Following the failures of three US regional banks, it's apparent that this category of banks will likely be remembered as the primary victims of the 2022–23 tightening cycle. Potential deposit flows from regional banks have led to significant pressure on the prices of the securities throughout their capital structure—stocks, bonds and preferreds—which creates an uncertain market message about the financial health of the impacted banks.
The three US regional banks that were placed into receivership had unique profiles related to their deposit franchises and loan books, in our view. We believe that no regional bank issuer in our preferred coverage has these same distinctive vulnerabilities, but with the crisis of confidence yet to be resolved, we have a more cautious view on these issuers.
The failure of First Republic Bank on 1 May has brought back to the forefront of investors’ minds the ease and speed with which depositors can pull their bank deposits. The convenience and efficiency of digital banking, as well as the speed and reach of digital communication and social media, may provide precipitating factors that can make bank runs more prevalent. The Fed’s report, published in the wake of the Silicon Valley Bank failure, stated that “the combination of social media, a highly networked and concentrated depositor base, and technology may have fundamentally changed the speed of bank runs.”
The market is concerned by how quickly deposits left the banks that failed. And even though there is no evidence that it is happening again to any specific bank currently, the mere fact that it can happen should continue to be a concern for investors. The main driver is investor psychology. A very low stock price can become both an indication and a cause of weak sentiment.
We think that the failure of a larger regional bank is low. However, their stock valuations may continue to trade as if the risk is high. If these fears and concerns are allowed to fester for an extended period, then the perception may become reality—in that depositors may become motivated to actually pull low-rate deposits, thereby putting more pressure on bank funding and profitability as banks are forced to borrow at higher rates from the Fed. Volatility could continue to flare up until a firewall is established between market pricing pressures and potential deposit flows. For more information see, “ Breaking the negative feedback loop in regional bank stocks,” by CIO banking analyst Brad Ball.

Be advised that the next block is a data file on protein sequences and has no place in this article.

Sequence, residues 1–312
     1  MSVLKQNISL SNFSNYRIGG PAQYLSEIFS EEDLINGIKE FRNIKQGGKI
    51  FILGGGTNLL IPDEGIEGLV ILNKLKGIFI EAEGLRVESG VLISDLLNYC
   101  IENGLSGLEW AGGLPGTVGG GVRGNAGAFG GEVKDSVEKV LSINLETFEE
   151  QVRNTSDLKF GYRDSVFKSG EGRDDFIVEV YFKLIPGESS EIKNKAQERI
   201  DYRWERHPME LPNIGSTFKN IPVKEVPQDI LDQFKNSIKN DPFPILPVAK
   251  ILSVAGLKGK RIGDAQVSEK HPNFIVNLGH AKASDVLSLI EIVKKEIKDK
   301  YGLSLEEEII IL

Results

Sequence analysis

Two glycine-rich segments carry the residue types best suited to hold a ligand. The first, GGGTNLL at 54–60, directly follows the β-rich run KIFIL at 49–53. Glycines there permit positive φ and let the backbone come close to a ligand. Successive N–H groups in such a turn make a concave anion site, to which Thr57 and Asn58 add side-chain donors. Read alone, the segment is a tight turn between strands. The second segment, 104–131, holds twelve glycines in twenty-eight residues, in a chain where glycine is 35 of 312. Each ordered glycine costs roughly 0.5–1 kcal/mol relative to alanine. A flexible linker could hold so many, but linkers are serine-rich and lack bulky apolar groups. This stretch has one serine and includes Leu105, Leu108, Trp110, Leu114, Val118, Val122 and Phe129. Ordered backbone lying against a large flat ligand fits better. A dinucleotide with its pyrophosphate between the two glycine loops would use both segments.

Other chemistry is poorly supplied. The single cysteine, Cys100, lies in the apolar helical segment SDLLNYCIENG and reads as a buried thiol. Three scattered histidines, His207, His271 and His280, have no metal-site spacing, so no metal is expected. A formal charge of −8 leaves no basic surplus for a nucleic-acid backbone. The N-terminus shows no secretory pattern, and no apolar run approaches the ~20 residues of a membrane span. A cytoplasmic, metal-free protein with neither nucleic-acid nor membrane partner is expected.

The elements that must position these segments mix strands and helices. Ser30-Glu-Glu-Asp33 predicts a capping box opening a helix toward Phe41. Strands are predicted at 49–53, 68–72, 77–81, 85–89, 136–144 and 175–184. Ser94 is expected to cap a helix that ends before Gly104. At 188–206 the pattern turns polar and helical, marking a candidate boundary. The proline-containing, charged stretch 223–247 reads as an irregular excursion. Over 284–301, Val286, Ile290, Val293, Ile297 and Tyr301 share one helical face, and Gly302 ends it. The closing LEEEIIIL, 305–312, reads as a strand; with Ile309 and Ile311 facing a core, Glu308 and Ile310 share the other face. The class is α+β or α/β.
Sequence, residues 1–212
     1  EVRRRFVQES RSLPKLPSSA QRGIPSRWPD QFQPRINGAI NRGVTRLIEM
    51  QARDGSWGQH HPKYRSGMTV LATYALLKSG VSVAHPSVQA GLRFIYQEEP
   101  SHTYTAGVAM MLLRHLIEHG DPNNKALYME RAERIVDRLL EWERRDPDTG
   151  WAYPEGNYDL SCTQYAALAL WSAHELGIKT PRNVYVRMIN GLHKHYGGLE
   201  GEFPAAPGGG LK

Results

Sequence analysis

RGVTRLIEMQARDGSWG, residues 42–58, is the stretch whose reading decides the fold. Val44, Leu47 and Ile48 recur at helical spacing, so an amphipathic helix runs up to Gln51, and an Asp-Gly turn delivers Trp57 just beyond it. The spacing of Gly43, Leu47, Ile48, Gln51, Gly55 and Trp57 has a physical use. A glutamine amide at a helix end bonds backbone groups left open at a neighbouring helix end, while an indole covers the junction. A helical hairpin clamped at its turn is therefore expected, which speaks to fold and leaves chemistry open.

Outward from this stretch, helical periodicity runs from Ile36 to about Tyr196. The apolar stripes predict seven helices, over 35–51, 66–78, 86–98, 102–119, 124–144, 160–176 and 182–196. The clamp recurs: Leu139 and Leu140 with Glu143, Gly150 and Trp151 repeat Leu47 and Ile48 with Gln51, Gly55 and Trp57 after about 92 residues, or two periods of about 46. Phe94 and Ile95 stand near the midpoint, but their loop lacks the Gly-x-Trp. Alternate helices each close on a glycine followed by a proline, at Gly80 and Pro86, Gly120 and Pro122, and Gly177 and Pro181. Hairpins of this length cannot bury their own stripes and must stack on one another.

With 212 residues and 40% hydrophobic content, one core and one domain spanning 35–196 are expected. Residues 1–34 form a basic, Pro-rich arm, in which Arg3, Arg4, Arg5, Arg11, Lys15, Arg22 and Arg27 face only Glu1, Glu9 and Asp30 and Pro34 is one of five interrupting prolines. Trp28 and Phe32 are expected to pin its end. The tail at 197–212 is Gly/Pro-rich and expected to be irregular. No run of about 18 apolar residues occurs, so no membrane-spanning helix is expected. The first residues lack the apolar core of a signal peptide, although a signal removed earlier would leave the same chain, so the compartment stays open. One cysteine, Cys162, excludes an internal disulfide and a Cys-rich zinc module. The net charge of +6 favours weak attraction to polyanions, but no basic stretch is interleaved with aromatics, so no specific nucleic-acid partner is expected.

So in our base case, we do not expect major, regional, or super regional banks to fail, and certainly not any of the large money center banks. However, even though this is our base case expectation, the possibility of additional regional bank failures cannot be ruled out completely.
With this in mind, risk-averse investors who may no longer wish to tolerate these possibilities should consider limiting their exposure to regional bank preferreds. On the other hand, investors looking to get more yield may find pockets of opportunity from the largest regional and super regional banks.
This table lists the 23 US-based banks that were Fed stress-tested last year, along with the Fed’s category types (at the time). These four category types are generally based on total consolidated assets, and regulatory requirements differ for each category. Category I encompasses global systemically important banks (G-SIBs) while Category IV comprises smaller banks with at least USD 100bn of assets.
We originally highlighted this table in our 21 March update, “ Preferred stocks hit by banking sector turmoil,” while suggesting a focus on the larger banks. Among our research coverage universe of bank preferred issuers, preferreds from the larger, Category I institutions may offer greater price stability, along with yields of 6–7%. Additionally, most of these preferreds are trading at discounts to par and therefore offer price appreciation potential in the years ahead.
In our view, the risks for regional bank preferreds at present have risen to a level that is higher than historical norms. But with increased regulatory measures likely to eventually apply to banks with as low as USD 100bn in assets, we see a strong likelihood that the risks priced into US regional bank spreads today will subside. Over a longer period, we believe that US regional banks should provide a spread normalization trade—such was the case for the US G-SIBs, after the provisions of the Dodd-Frank legislation were most stringently applied to them after the 2008 global financial crisis. But until the weakest links are weeded out and new regulatory regimes are gradually implemented, we view certain preferred issues through a higher risk lens and move to the sidelines on select issues. Specifically, we are downgrading the preferreds from Category IV banks, while keeping the ratings on preferreds from the larger bank issuers unchanged.
For more, see More cautious on regional bank preferreds , 9 May 2023.
Content is a product of the Chief Investment Office (CIO).
Main contributors: Frank Sileo, Barry McAlinden